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State v. Gadson

Decided: March 10, 1977.

STATE OF NEW JERSEY, PLAINTIFF-APPELLANT,
v.
ANNA GADSON, DEFENDANT-RESPONDENT



Matthews, Seidman and Horn. The opinion of the court was delivered by Matthews, P.J.A.D.

Matthews

Defendant was tried for the murder of her husband. Although the defense of insanity was not pleaded, R. 3:12, certain testimony adduced during the trial raised the inference, at least in the mind of the trial judge, that defendant may have been temporarily insane at the time of the alleged offense. Accordingly, over the objection of counsel, he charged the jury on insanity and, relying on State v. Pennington , 131 N.J. Super. 1 (Law Div. 1974), instructed the jurors that their determination of that issue could be by a ten to two vote. The jury subsequently returned a verdict of not guilty by reason of temporary insanity by a ten to two vote.

The State appeals, basing its right to appeal the judgment of acquittal on the premise that it was the result of a non-unanimous verdict, and therefore was legally defective.

The right of the State to appeal a criminal case is circumscribed by Art. I, par. 11 of our Constitution: "No person shall, after acquittal, be tried for the same offense. * * *." Only those judgments or orders mentioned in R. 2:3-1 may be appealed by the State, and an acquittal by a trier of the facts does not fall within the scope of that rule. State v. Sheppard , 125 N.J. Super. 332, 338 (App. Div. 1973), certif. den., 64 N.J. 318 (1973). Thus, it is well settled, that the State may not appeal from a judgment of acquittal entered by the trier of the facts at the conclusion of a trial. State v. Kleinwaks , 68 N.J. 328 (1975); Newark v. Pulverman , 12 N.J. 105 (1953); State v. McKelvey , 142 N.J. Super. 259 (App. Div. 1976); Paramus v. Martin Paint , 128 N.J. Super. 138 (App. Div. 1974).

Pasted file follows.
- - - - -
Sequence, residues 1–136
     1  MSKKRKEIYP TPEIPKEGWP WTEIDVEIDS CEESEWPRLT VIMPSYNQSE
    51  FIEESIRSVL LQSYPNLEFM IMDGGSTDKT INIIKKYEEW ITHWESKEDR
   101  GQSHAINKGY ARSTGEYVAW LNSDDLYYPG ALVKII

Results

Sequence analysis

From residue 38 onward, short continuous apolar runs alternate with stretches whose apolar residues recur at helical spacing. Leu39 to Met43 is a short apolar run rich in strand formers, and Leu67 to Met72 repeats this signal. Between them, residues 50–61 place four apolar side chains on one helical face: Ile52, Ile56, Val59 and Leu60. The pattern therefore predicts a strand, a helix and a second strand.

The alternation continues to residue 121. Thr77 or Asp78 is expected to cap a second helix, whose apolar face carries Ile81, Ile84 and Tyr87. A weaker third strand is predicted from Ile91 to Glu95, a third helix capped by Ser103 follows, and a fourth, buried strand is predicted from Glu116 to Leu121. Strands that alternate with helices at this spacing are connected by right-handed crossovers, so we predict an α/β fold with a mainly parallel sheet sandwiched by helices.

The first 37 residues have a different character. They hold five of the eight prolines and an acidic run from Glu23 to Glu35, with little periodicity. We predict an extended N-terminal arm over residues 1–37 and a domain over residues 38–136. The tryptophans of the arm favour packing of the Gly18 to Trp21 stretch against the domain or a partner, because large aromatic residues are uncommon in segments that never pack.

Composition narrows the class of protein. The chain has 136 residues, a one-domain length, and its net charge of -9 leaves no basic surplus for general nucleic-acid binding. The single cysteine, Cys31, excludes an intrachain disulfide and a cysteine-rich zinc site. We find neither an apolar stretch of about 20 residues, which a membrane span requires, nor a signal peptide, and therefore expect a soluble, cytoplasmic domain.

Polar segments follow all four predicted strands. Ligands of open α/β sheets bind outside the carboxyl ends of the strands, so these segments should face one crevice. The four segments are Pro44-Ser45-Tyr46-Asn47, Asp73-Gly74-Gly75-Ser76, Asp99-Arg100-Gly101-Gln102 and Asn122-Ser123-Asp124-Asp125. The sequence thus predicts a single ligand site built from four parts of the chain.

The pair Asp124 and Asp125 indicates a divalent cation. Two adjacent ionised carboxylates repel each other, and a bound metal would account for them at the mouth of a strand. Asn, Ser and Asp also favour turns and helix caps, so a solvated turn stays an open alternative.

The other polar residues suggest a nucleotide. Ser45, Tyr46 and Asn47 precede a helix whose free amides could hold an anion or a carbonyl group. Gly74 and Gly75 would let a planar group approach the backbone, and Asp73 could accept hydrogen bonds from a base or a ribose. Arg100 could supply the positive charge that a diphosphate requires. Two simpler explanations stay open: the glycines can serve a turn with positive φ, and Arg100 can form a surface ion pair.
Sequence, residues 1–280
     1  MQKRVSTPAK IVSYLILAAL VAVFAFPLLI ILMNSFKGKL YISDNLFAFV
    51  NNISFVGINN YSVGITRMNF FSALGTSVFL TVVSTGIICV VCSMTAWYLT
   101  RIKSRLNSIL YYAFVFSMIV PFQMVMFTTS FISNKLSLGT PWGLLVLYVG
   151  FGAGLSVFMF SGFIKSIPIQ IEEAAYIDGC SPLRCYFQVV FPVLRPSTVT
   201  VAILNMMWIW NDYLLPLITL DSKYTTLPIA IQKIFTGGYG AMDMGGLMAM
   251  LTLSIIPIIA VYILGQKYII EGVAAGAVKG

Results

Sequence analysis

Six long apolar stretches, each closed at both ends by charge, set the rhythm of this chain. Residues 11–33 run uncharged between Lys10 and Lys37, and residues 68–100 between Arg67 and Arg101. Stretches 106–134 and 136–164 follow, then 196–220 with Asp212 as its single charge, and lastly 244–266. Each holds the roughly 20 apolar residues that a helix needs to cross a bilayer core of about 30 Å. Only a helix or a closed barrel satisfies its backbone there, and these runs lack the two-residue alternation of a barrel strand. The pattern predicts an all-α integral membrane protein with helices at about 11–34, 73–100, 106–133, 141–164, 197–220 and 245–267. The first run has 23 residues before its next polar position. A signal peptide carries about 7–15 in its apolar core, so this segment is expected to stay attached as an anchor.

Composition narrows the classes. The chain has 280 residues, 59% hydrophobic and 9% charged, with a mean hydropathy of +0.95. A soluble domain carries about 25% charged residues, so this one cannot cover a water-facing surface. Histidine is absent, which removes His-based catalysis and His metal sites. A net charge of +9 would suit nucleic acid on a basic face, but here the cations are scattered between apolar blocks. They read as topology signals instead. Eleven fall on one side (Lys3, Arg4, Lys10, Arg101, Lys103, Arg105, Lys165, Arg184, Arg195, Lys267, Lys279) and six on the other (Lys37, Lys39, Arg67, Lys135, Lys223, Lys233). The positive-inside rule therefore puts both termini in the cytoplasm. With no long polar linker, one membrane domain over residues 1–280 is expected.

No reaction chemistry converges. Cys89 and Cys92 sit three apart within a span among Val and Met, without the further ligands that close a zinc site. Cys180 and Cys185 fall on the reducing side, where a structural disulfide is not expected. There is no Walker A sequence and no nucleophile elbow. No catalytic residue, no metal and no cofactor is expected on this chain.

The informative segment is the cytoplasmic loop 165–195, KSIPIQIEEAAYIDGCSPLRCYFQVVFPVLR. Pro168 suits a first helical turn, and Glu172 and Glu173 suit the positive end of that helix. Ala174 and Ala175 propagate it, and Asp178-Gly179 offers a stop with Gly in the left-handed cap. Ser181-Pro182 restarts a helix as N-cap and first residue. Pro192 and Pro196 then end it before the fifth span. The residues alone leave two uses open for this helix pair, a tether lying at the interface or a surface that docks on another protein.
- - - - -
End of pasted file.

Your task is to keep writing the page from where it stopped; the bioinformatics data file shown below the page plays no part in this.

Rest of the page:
The State contends that, regardless of the foregoing, it may appeal from an acquittal which is legally defective. It urges that the trial judge erred in inviting a ten to two verdict on the insanity issue because R. 1:8-9 requires a unanimous verdict in criminal cases.

Neither the statutes nor the Constitution of this State refers to unanimity of verdicts in criminal cases.*fn1 The only reference to such unanimity is found in R. 1:8-9.

In every trial by jury the verdict shall be returned by the jury to the judge in open court. The verdict shall be unanimous in all criminal actions and shall be rendered by at least five-sixths in civil actions.

There is nothing sacrosanct about a unanimous verdict in a criminal case, however. See Johnson v. Louisiana , 406 U.S. 356, 92 S. Ct. 1620, 32 L. Ed. 2d 152 (1972); Apodaca v. Oregon , 406 U.S. 404, 92 S. Ct. 1628, 32 L. Ed. 2d 184 (1972). Nevertheless, it is judicially settled in this State that verdicts in criminal cases must be determined by unanimous

vote. State v. Cordasco , 2 N.J. 189, 202 (1949); State v. Reynolds , 41 N.J. 163, 187 (1963) cert. den., 377 U.S. 1000, 84 S. Ct. 1930, 12 L. Ed. 2d 1050 (1964). But the issue posed here does not involve the merits or lack of merits of a unanimous verdict per se , rather it is whether under the circumstances presented a verdict of acquittal may be permitted to be returned under instructions which apparently disregard the court rule. We answer that inquiry in the negative and in doing so have no hesitancy in concluding that both the trial judge below and the trial judge in State v. Pennington , above, have misread the opinions of our Supreme Court which construe or explain the applicable statutes.

In State v. Gibson , 15 N.J. 384 (1954), the court, in reviewing the nature and purpose of a pretrial sanity hearing under N.J.S.A. 2A:163-2, stated that that proceeding is civil in nature:

The second point of the appellant is that the trial court was in error in treating this as a civil proceeding and permitting the jury to return a verdict by a vote of ten to two. The argument is that this proceeding is a step in the criminal cause and therefore a unanimous verdict should be returned by the jury. The trial court proceeded on the assumption, and correctly we think, that a proceeding under N.J.S.A. 2A:163-2 is in the nature of a civil proceeding under the Constitution of 1947, Art. I, par. 9, as implemented by N.J.S. 2A:80-2, ...


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